2019 Youth Risk And Resiliency Survey Results Released


High school students show dramatic increase in e-cigarette use

The New Mexico Department of Health announced today that current tobacco use by high school students has increased by 23% since 2009. The increase in tobacco use among youth is entirely due to the growing use of electronic vapor products, or e-cigarettes.

More than one-third (37.8%) of all high school students were current users of at least one form of tobacco. While current cigarette use among high school students has fallen dramatically over the last decade (from 24.0% in 2009 to 8.9% in 2019), current use of e-cigarettes has increased 24.0% to 34.7% from 2015 to 2019. This represents a 42% increase in e-cigarette use over four years.

The new data is the result of the 2019 New Mexico Youth Risk and Resiliency Survey (YRRS), an annual joint project of the New Mexico Department of Health and the New Mexico Public Education Department. The study defines ‘current use’ as the use of tobacco products or other substances during at least one of the 30 days preceding administration of the YRRS.

Of the five forms of tobacco use examined by the YRRS, only e-cigarettes have seen a recent increase in use. From 2009 to 2019, all other forms of tobacco use decreased in use. Current cigarette smoking decreased by 63%. Current cigar smoking decreased by 54% (18.1% to 8.3%), and spit tobacco use decreased by 50% (11.8% to 5.9% in 2019). Hookahs, large water pipes, used to smoke tobacco fell by 59%, from 20.0% in 2011 to 8.2% in 2019.

“It is undeniably great news that fewer New Mexico youth are smoking cigarettes,” said Secretary of Health, Kathy Kunkel. “However, e-cigarettes and nicotine addiction from any tobacco product pose enormous long-term health risk.”

Earlier this year, Governor Michelle Lujan Grisham signed Senate Bill 131 into law, which sets up a comprehensive licensing system for the sale of tobacco products, including e-cigarettes, in New Mexico and makes state law consistent with the new federal minimum age of 21 for sale of tobacco products.

“Licensing is an effective public health strategy to reduce youth access to tobacco products by better understanding where tobacco products are being sold and to ensure retailer compliance with existing state tobacco laws,” said Kunkel. New Mexico now joins 39 other states that require a license to sell tobacco products.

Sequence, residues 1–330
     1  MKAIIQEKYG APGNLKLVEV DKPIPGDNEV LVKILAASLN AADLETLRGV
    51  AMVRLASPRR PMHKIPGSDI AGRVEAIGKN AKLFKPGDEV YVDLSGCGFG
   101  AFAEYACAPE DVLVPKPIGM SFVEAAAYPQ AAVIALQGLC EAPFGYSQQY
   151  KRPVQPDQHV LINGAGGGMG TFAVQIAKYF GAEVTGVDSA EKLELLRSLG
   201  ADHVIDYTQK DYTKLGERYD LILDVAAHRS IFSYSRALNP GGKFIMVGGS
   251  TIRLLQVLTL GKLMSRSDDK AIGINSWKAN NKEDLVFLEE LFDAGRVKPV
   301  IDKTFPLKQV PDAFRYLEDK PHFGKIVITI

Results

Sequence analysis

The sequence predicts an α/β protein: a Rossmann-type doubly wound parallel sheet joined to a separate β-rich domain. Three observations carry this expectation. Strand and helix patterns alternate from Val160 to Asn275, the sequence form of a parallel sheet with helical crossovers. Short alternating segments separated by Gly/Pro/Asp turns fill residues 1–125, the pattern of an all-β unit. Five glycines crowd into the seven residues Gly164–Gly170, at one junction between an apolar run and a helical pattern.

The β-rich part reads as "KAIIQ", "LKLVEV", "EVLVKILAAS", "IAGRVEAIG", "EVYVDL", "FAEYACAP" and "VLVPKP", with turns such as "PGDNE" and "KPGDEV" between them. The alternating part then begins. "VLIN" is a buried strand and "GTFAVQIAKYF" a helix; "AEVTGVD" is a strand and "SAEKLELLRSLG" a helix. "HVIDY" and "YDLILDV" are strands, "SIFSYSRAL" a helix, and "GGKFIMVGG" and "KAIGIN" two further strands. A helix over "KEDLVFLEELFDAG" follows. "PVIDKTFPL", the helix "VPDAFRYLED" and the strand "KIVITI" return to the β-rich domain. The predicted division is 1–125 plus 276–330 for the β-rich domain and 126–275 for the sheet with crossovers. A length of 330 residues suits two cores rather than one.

Other trend highlights from the survey include these decreases and increases in behaviors over the last decade:

  • Drinking alcohol before age 13 decreased by 30% (from 29.4% to 20.5%).
  • Binge drinking fell by 52% (from 25.0% to 12.1%).
  • Lifetime use of heroin decreased by 36% (from 4.7% to 3.0%).
  • Lifetime use of methamphetamines decreased 33% (from 6.3% to 4.2%).
  • Physical fighting on school property decreased by 38% (from 15.0% to 9.3%).
  • Feelings of sadness or hopelessness increased by 36% (from 29.7% to 40.4%).
  • Use of electronic media for 3 or more hours daily, not for school work, increased by 105% (from 21.0% to 43.1%).
  • Skipping school because of safety concerns increased by 93% (from 7.2% to 13.9%).

More results from the New Mexico Youth Risk and Resiliency Survey will be released over the coming months. The YRRS was conducted in New Mexico public high schools during the fall of 2019, by the Department of Health, the Public Education Department, and the UNM Prevention Research Center. The YRRS is the New Mexico component of the national Youth Risk Behavior Survey (YRBS), designed and sponsored by the Centers for Disease Control and Prevention.

More information about the YRRS is available at https://nmhealth.org/go/youth or at www.youthrisk.com.